Hiya! It’s Mandi from Making Nice in the Midwest. If Andy Warhol had been as inspired by conversation hearts as he was by Campbell’s Soup, his iconic heart print may have looked a bit more like this. 😉 I’ve been considering trying my hand at screen printing recently, and doing a simple heart print poster like Mr. Warhol’s seemed like the perfect place to begin.
This first attempt at screen printing involved basic craft supplies, like mod podge and an embroidery hoop, which allows for moderate detail in the finished print. Emulsion screen printing is usually what the pros do, but the supplies can be expensive and the process takes a bit of time. This mod podge screen printing technique is great for simple shapes and limited runs. Check out what you need and follow the steps below to make your own conversation hearts poster inspired by Andy Warhol.
- art paper (in a poster board size for a larger frame)
- square frame (I used a 20″x20″ collage frame but removed the collage mat board)
- acrylic paint
- art squeegee
- mod podge
- fine and broad tipped art brushes
- plain paper for the heart template
- large embroidery hoop
- sheer fabric
Step Two: Cut out a square the size you determine above, fold it in half, trace the shape of a half heart (using this template to help you), and then cut out the heart. Do this a total of four times.
Step Three: Lay out the hearts onto the art paper, with the frame laying over it so you can see how it will be displayed. Then mark the two points of the heart- the bottom point, and the top valley point, so you will know how to properly place the screen later.
Step Four: One one of the hearts you’ve just cut out, write the words you want to be in your conversations, and make sure it’s centered. You want this to be large enough to be legible from a distance. Now lay the screen over top of the heart, tracing about 1/8″ around the heart and tracing the wording exactly.
Step Five: With the screen lifted or propped up at the edges, paint with mod podge over the words and around the heart. Start with a fine brush for more detail, and finish the border area with a wider brush for more coverage. Don’t do too heavy of a coat of mod podge, or it will drip down the back side of the screen without you realizing it, and then you’ll have to start over. Make sure the mod podge over the wording is wide enough so that if a little paint leaks around it when screen printing, the words won’t be lost completely.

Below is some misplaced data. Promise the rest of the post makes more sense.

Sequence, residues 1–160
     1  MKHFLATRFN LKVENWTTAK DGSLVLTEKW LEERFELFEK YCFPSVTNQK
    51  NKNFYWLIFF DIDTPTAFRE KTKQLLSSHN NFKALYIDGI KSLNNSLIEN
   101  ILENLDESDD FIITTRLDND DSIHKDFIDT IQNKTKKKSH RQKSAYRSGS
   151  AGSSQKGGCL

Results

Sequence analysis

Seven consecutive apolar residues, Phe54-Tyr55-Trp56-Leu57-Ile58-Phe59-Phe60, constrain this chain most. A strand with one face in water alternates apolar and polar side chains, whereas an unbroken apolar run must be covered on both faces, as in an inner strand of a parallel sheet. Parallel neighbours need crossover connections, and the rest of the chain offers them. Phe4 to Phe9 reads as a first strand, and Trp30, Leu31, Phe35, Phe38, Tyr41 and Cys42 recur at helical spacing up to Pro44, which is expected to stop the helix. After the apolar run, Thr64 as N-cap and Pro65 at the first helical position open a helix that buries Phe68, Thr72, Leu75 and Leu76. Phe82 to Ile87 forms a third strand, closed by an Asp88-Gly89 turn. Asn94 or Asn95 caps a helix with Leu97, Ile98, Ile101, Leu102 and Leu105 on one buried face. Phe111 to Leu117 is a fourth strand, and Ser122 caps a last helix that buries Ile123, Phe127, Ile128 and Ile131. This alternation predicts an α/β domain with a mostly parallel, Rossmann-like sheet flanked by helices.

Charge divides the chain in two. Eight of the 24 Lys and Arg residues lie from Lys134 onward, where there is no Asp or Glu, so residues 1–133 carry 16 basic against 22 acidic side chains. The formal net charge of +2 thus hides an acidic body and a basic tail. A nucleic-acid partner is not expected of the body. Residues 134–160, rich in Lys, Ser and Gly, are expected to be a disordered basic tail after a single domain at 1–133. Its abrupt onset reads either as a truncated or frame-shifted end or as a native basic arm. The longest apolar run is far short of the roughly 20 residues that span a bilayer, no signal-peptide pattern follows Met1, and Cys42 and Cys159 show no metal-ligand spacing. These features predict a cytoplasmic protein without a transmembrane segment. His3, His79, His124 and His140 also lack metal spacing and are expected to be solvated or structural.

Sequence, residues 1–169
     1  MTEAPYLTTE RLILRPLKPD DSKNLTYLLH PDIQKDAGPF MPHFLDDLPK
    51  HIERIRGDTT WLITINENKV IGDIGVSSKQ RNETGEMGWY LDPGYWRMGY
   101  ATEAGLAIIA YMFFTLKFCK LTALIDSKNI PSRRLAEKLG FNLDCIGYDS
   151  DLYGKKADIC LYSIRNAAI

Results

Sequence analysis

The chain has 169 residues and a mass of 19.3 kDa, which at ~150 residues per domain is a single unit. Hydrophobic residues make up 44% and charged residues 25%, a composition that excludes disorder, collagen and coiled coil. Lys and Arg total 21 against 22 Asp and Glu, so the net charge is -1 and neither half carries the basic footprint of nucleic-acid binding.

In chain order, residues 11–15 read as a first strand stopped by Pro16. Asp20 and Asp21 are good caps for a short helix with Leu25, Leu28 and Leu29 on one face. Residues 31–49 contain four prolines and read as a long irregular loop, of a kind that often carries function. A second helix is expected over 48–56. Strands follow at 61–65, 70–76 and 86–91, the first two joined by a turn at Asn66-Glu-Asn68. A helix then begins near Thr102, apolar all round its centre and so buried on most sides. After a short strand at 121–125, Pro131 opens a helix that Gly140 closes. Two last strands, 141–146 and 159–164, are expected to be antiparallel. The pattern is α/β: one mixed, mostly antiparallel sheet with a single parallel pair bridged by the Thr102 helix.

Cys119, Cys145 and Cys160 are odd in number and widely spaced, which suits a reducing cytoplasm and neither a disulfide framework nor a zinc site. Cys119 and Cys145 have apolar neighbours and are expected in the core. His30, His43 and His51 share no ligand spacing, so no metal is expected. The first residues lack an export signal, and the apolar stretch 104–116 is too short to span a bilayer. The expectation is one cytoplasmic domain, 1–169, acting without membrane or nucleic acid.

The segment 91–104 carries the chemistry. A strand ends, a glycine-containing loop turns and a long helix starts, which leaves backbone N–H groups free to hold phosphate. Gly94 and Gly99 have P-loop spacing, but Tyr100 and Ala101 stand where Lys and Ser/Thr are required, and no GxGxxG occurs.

Step Six: After the mod podge has completely dried and turned clear (it will probably take 2-4 hours depending on the thickness of the application and the heat and humidity of your space), place the screen onto the art paper, lining up the bottom point and top valley point of the screen’s heart with the points you made on the art paper in step three. Squirt a good amount of paint onto the mod podged area of the screen around the heart, and then drag it with the art squeegee into the un-mod podged area of the screen.
Make sure to not get too much paint into the open area of the screen, or you will lose the integrity of your design as the paint seeps around the opening. You will need to firmly hold the embroidery hoop into place while dragging the paint so that it doesn’t move and affect the design. When you’ve covered the whole area of your design (the un-mod podged area) with a very thin coat of paint, set aside the squeegee and slowly lift up the screen from one side to the other. Then, rinse the screen with cold water (so as not to make the mod podge tacky again- though I didn’t have trouble with this after rinsing mine three times), dry it with some paper towels, and move on to the next heart once the previous heart’s paint is dry. Acrylic paint dries pretty quickly, but if you feel the need to rush it along, you can use a blow dryer- same goes for a damp screen.
Once you’ve gone through the trouble of making the screen, you might as well make additional posters! It may take a few tries before you get the hang of the printing process, so you may want to buy at two pieces of art paper so you can practice on the first one. I started with a dark purple on a coral orange paper, but I really didn’t like the way the dark hearts looked. I think this design works great with a lighter paint printed overtop of a darker background, but of course you can use any color scheme that you like! Change up the message to personalize the poster as a gift for a friend, or make one with your favorite lyrics.
Credits // Author and Photography: Mandi Johnson